Title

A systematic review of full endoscopic versus micro-endoscopic or open discectomy for lumbar disc herniation

Document Type

Article

Publication Date

8-23-2021

Publication Title

Pain Manag

Abstract

Aim: Endoscopic discectomies provide several advantages over other techniques such as traditional open lumbar discectomy (OLD) including possibly decreased complications, shorter hospital stay and an earlier return to work.

Methods: An electronic database search including MEDLINE/PubMed, EMBASE, Scopus, Cochrane Database of Systematic Reviews and Cochrane Controlled trials (CENTRAL) were reviewed for randomized controlled trials (RCTs) only.

Results: A total of nine RCTs met inclusion criteria. Three showed benefit of endoscopic discectomy over the comparator with regards to pain relief, with the remaining six studies showing no difference in pain relief or function.

Conclusion: Based on review of the nine included studies, we can conclude that endoscopic discectomy is as effective as other surgical techniques, and has additional benefits of lower complication rate and superior perioperative parameters.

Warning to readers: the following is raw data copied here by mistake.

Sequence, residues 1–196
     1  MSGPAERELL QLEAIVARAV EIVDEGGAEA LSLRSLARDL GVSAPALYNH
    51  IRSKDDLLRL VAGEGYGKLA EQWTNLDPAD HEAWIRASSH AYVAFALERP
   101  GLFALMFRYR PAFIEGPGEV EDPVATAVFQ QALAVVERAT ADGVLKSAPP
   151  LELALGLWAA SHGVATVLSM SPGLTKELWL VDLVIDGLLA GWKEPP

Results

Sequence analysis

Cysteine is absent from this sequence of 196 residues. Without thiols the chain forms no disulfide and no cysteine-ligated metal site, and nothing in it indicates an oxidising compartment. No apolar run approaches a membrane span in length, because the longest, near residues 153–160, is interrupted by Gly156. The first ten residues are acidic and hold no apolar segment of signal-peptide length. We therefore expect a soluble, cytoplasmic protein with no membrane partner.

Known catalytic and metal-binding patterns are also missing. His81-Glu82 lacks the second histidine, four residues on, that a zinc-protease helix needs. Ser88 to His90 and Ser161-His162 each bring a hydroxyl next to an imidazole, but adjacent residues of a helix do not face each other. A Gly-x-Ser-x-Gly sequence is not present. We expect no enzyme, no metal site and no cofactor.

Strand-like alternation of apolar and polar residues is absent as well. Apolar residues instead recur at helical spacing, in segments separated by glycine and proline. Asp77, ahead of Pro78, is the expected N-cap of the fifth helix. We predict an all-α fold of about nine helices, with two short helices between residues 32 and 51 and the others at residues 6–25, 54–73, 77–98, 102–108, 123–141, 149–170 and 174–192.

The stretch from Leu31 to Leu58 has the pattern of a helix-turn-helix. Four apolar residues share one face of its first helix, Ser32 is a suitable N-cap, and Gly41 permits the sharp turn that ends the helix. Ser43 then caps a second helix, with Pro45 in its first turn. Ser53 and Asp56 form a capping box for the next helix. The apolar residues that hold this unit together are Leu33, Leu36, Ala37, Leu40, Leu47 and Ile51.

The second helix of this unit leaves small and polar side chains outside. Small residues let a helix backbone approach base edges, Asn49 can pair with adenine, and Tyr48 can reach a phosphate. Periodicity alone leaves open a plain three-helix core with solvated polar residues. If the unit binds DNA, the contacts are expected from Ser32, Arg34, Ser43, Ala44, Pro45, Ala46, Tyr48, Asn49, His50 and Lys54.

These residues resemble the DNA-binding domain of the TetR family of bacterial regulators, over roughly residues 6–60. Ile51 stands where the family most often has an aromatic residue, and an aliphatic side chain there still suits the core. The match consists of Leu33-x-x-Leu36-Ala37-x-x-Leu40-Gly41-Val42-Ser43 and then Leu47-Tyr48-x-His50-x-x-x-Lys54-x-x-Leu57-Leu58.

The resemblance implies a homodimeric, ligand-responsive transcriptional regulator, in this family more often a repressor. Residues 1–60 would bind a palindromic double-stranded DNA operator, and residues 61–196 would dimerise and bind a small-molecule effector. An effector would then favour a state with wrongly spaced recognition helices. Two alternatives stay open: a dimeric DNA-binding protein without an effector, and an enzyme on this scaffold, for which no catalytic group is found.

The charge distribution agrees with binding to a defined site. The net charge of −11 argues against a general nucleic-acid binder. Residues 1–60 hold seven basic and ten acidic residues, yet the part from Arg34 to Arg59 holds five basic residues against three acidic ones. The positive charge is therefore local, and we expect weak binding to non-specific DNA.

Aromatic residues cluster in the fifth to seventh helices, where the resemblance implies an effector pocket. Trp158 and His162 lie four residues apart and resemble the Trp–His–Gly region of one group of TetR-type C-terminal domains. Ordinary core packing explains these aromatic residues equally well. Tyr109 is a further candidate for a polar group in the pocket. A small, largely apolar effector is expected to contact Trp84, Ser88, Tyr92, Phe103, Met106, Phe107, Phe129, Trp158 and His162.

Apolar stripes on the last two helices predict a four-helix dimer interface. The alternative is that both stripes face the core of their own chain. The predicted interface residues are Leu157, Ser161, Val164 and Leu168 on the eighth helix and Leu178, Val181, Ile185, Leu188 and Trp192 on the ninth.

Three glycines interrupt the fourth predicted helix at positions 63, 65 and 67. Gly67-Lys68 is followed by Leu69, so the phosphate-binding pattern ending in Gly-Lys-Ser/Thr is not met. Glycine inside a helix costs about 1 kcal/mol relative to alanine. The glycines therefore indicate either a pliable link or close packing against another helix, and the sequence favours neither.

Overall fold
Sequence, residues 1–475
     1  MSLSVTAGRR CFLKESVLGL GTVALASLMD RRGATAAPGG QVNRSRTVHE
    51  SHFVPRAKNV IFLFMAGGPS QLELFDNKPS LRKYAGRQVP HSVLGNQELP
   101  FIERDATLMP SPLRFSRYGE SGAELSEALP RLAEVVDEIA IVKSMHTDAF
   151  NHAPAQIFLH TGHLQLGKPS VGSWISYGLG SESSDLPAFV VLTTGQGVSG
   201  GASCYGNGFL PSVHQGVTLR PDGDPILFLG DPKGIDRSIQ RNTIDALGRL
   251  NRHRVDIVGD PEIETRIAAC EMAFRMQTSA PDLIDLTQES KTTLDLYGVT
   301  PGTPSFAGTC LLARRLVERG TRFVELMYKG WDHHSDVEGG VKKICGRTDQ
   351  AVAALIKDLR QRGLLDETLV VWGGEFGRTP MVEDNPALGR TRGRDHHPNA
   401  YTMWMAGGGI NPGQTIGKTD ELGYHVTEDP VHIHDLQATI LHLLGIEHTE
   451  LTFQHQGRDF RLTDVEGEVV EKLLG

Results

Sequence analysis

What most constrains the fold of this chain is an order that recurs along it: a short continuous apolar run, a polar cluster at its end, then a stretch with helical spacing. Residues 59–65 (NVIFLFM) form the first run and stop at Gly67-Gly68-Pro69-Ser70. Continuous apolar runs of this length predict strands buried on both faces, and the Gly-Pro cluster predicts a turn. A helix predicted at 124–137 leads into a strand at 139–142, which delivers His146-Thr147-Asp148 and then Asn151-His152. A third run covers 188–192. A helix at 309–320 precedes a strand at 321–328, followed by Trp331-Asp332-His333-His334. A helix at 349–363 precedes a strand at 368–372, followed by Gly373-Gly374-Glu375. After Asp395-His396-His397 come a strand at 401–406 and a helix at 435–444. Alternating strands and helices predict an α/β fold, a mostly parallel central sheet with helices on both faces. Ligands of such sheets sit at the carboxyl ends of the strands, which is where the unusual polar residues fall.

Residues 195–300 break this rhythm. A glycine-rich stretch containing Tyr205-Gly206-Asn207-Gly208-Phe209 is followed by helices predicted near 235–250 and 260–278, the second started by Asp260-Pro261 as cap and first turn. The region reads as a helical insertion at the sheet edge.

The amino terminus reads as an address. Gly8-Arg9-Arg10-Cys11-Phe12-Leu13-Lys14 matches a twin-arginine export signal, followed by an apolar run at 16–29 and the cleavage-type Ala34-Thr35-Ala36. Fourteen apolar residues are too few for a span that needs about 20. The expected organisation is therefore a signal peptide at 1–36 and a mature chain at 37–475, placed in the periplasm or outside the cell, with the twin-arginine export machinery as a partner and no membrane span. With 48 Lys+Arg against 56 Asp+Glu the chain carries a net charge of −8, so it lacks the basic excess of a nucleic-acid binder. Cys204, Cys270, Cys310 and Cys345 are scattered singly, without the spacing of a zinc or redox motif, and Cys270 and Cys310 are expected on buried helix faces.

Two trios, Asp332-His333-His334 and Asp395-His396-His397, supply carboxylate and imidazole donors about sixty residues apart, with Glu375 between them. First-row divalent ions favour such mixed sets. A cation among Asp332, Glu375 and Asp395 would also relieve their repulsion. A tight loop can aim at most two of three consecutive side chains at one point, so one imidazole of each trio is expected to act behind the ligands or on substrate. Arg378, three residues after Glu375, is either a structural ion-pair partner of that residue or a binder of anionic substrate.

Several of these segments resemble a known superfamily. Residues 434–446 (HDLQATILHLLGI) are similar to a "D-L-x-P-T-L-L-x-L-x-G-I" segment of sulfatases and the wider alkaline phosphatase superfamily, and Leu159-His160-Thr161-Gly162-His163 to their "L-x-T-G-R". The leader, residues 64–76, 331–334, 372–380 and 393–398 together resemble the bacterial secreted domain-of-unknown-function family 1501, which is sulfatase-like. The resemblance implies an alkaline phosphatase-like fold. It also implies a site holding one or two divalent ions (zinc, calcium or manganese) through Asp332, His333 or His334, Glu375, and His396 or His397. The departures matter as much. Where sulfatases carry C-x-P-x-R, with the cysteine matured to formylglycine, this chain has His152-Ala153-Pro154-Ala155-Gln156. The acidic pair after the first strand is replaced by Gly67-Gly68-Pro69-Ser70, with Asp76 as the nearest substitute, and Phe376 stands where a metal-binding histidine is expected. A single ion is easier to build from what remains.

Comments

This systematic review investigates the use of a common surgical procedure, endoscopic discectomy, for the surgical treatment of lumbar disc herniation. It is a type of minimally invasive spine surgery (MISS) procedure, which has been shown to be not only effective in outcomes, but also optimal for peri-operative parameters, such as post-operative hospital stay, time duration of surgery and blood loss during the procedure. We utilized five search databases to collect data on only randomized controlled studies that investigated endoscopic discectomy compared with another surgical technique. Our results include nine randomized controlled trials, three of which showed improvement in pain scores for endoscopic discectomies. Consequently, in combination with the optimal peri-operative measures, it is concluded that endoscopic discectomy is a reasonable procedure to treat lumbar disc herniation surgically.

PubMed ID

34420416

ePublication

ePub ahead of print

Share

COinS